This study investigated developmental changes and differences in upper-limb movement organization from 4 to 8 years of age in children born preterm (PT) and fullterm (FT). Kinematic recordings of precision-demanding unimanual movements and lateral assessments were carried out in 37 children (18 PT). All children, particularly children born PT, displayed considerable gain in movement kinematics. Contrary to controls, children born PT displayed persistently less-evident side preference. Gestational age (GA) contributed significantly to kinematic differences shown, with larger upper-limb deviances in the lowest GAs, in agreement with cross-sectional findings of altered hemispheric connections and delayed side-specialization among children born very PT.

Place, publisher, year, edition, pages
Routledge, 2018
National Category
Psychology (excluding Applied Psychology) Neurosciences
Research subject
Psychology
Identifiers
urn:nbn:se:umu:diva-145742 (URN)10.1080/87565641.2018.1426765 (DOI)000427940500005 ()29377727 (PubMedID)
Available from: 2018-03-16 Created: 2018-03-16 Last updated: 2019-09-16Bibliographically approved
Domellöf, E., Bäckström, A., Johansson, A.-M., Rosander, K., von Hofsten, C. & Rönnqvist, L. (2018). Sequential upper-limb action planning in children with autism spectrum disorder: a kinematic pilot study. Paper presented at 30th Annual Meeting of the EACD. Developmental Medicine & Child Neurology, 60 (Suppl. 2), 34-34, Article ID 10.1111/dmcn.13790.
Open this publication in new window or tab >>Sequential upper-limb action planning in children with autism spectrum disorder: a kinematic pilot study
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2018 (English)In: Developmental Medicine & Child Neurology, ISSN 0012-1622, E-ISSN 1469-8749, Vol. 60 (Suppl. 2), p. 34-34, article id 10.1111/dmcn.13790Article in journal, Meeting abstract (Refereed) Published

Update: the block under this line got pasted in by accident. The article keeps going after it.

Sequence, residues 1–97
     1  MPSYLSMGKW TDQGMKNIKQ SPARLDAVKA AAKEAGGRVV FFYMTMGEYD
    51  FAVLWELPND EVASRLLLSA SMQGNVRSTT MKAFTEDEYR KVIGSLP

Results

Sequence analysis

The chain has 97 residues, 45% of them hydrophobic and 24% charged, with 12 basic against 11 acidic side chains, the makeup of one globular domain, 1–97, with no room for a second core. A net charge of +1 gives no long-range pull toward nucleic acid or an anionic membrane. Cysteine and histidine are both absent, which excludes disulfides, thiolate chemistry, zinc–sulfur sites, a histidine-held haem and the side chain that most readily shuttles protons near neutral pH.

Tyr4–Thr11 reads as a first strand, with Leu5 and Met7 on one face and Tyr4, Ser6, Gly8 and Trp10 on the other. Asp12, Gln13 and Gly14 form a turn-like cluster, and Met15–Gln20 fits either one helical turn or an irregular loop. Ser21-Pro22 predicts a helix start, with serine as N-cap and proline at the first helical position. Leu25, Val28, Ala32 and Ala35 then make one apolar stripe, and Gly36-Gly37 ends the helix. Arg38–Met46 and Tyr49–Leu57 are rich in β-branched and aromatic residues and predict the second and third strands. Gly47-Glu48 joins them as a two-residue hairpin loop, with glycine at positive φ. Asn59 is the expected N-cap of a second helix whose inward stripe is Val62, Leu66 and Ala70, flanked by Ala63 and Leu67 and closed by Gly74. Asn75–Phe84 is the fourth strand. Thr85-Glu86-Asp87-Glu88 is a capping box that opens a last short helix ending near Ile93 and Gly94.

Abstract [en]

Introduction: Recent research on sensory-motor skill in children with autism spectrum disorder (ASD) suggest that problems with planning sequential actions may explain difficulties with motor execution in this population. The present pilot study investigated upper-limb movement kinematics during a goal-directed manual task requiring sequential action planning in children with and without ASD at 6-7 years.

Patients and method: 3D kinematic recordings of performance with the preferred arm/hand during a sequential peg moving task with varying complexity of goal insertion (five endpoint conditions, open/revealed goal presentation) were carried out in 3 children with ASD (2 girls, mean age 6.3 years) and 3 typically developing children (3 girls, mean age 7 years). End state comfort and trial errors were also assessed.

Results: Preliminary analyses of whole movement spatiotemporal segmentation (movement units, MUs) at trial level revealed significant main effects for group and endpoint condition. Overall, children with ASD consistently performed less proficiently (more MUs) than controls for all conditions across hand/arm and head. Independent of group, all children displayed increased MUs for the more complex endpoints. Children with ASD also showed evidently poorer planning behavior (less end state comfort and increased trial errors) than controls.